Publication: Monitor Volume: 4 Issue: 190

Chechnya appears to be approaching the brink of war. On Saturday in Djohar (formerly Grozny), the All-National Congress of the Chechen People (OKChN) was reactivated during a mass meeting of the Chechen people organized by the opposition. Among the revived congress’s demands was the resignation of Chechen President Aslan Maskhadov. Henceforth, in the words of Salman Raduev, all antigovernment activities will be carried out under the aegis of the OKChN (Kommersant daily, October 13).

In 1991, the OKChN declared Chechnya’s independence. Dzhokhar Dudaev was elected its chairman. By reactivating the OKChN, the Chechen opposition is trying to legitimize itself as the successor to the first ideologues of Chechen independence. Judging by the fact that Raduev was involved in reviving the congress, one can assume that he is counting on becoming its chairman.

Raduev, a nephew of Dudaev, won worldwide fame with the January 1996 attack on the Dagestani town of Kizlyar. After the withdrawal of Russian troops from Chechnya, Raduev proved himself to be one of the most radical and notorious Chechen field commanders. One need only recall, for example, his pronouncements–repeatedly denied by the Chechen authorities–that Dzhokhar Dudaev was alive and would soon appear before the Chechen people. Despite the signing of a peace agreement with Russia, Raduev was the only Chechen field commander to announce openly that the war with Russia would continue, with the goal being the “liberation” of the whole North Caucasus. Raduev is believed to be responsible for practically all terrorist acts which have taken place on Russian soil since the withdrawal of troops from Chechnya. The official Chechen authorities have repeatedly denounced Raduev’s activities, and, until recently, Raduev was sharply criticized by his current ally, Shamil Basaev.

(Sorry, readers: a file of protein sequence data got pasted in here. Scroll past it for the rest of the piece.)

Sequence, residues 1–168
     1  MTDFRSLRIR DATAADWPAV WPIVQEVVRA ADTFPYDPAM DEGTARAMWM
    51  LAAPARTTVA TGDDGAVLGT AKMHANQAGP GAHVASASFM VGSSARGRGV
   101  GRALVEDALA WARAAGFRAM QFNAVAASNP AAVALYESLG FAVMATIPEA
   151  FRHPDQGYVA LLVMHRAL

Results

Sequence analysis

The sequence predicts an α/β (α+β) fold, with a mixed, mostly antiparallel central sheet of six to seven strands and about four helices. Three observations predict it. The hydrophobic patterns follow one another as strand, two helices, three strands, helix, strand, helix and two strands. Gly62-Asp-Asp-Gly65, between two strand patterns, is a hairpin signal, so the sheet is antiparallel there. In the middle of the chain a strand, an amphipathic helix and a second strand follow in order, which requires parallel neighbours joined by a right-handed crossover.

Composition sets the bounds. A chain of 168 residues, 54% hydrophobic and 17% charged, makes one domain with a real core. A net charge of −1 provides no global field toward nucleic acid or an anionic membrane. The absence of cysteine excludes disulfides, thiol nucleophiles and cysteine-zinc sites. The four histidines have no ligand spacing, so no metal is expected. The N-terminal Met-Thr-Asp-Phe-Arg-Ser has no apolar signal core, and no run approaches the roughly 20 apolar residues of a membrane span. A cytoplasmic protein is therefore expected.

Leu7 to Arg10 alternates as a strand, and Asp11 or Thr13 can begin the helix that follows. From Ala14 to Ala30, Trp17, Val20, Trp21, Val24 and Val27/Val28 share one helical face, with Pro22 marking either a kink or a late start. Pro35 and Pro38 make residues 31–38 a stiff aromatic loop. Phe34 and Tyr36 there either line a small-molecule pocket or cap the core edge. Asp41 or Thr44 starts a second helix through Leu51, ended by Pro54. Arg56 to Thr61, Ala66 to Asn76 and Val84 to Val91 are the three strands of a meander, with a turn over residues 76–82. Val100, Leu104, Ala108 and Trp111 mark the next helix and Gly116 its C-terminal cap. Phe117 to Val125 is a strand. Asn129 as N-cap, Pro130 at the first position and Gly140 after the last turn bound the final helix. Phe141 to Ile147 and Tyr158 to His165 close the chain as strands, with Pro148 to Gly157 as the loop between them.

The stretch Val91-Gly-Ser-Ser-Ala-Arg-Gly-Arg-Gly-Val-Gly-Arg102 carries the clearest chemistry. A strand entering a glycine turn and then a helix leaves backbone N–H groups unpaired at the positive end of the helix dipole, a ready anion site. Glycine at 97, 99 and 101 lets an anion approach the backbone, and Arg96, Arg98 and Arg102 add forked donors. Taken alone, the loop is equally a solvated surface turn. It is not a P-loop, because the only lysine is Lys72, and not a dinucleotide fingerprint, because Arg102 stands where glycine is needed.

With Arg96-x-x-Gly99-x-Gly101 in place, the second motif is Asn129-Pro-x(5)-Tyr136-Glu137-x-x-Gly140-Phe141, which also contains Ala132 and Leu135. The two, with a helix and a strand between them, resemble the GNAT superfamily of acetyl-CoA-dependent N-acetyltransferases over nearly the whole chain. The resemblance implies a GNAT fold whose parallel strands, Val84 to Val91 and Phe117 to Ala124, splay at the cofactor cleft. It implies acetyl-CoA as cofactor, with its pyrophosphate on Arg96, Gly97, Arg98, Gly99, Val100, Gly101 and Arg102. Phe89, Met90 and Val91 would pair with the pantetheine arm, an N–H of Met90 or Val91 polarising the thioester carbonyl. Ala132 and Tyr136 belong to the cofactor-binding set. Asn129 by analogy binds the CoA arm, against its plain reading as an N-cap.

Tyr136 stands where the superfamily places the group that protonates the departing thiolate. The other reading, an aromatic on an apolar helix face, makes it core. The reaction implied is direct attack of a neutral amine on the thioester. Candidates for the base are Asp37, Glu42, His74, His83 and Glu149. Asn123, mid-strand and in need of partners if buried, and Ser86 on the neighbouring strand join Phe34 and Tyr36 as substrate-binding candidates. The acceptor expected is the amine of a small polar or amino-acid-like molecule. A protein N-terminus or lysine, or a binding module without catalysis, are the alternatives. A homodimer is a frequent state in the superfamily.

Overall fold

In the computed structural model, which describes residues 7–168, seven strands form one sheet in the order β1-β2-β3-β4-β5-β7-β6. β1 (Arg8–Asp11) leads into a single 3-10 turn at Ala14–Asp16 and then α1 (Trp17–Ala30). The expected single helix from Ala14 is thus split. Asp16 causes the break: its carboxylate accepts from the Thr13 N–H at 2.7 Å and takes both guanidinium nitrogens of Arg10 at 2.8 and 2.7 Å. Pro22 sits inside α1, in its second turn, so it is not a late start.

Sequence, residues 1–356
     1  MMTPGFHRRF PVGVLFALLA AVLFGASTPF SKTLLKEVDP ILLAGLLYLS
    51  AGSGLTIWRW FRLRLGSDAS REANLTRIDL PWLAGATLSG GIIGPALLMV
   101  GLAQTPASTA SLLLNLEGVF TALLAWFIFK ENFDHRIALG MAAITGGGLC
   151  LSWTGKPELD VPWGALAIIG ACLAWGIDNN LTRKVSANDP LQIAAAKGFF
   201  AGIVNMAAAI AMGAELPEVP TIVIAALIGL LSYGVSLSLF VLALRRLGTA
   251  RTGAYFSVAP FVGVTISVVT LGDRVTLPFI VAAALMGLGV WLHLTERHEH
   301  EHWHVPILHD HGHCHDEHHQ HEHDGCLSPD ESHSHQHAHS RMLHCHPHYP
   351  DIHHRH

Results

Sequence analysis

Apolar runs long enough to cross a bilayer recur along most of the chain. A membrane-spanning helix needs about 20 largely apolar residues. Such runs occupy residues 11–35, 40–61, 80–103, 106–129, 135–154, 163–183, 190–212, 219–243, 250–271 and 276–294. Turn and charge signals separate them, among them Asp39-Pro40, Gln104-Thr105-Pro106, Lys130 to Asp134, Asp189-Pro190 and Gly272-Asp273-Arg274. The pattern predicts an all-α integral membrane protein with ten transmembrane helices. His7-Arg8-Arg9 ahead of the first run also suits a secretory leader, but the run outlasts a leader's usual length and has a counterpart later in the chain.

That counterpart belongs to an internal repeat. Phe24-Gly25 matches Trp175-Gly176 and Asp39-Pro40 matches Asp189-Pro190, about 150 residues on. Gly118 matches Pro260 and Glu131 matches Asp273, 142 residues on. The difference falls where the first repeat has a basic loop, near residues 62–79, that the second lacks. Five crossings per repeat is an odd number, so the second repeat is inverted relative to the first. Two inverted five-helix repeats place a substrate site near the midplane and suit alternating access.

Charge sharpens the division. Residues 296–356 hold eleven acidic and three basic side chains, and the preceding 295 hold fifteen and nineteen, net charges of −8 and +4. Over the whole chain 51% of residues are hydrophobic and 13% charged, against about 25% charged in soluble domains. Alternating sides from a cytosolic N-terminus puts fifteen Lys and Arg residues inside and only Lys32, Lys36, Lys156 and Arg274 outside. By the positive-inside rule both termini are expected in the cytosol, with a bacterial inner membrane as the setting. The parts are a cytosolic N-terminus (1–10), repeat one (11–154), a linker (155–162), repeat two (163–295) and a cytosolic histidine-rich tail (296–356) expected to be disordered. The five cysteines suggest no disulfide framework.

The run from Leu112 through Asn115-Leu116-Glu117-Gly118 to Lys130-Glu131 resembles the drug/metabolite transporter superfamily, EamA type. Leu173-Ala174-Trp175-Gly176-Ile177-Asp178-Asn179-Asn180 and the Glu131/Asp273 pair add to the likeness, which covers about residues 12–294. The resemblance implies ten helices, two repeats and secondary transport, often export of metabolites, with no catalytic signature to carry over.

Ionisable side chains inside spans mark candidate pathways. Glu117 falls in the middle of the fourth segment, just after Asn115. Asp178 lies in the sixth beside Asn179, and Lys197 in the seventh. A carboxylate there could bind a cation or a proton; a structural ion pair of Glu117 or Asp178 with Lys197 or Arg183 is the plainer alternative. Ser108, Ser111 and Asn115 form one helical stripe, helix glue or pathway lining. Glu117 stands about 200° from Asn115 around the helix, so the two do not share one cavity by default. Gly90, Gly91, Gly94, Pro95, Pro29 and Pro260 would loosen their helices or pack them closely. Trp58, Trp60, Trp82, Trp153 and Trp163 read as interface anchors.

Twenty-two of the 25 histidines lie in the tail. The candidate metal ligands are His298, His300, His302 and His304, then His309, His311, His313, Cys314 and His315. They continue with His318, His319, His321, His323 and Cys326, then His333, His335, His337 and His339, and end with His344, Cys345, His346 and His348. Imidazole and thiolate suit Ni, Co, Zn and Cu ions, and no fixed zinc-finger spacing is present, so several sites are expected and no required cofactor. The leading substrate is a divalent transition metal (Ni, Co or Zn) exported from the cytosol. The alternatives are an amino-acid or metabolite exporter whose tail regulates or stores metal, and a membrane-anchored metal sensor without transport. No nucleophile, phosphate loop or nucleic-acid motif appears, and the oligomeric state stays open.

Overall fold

Now, however, the anti-Maskhadov opposition seems to have accepted Raduev as its leader. And Raduev is apparently trying to show the Kremlin that it is he who controls the situation in Chechnya. Thus, as the Monitor recently noted, Raduev claims that it was he who freed the nine Russian servicemen released from their kidnappers on October 11, and is promising to win the release of Valentin Vlasov, Russia’s representative in Chechnya, in the near future (see the Monitor, October 13).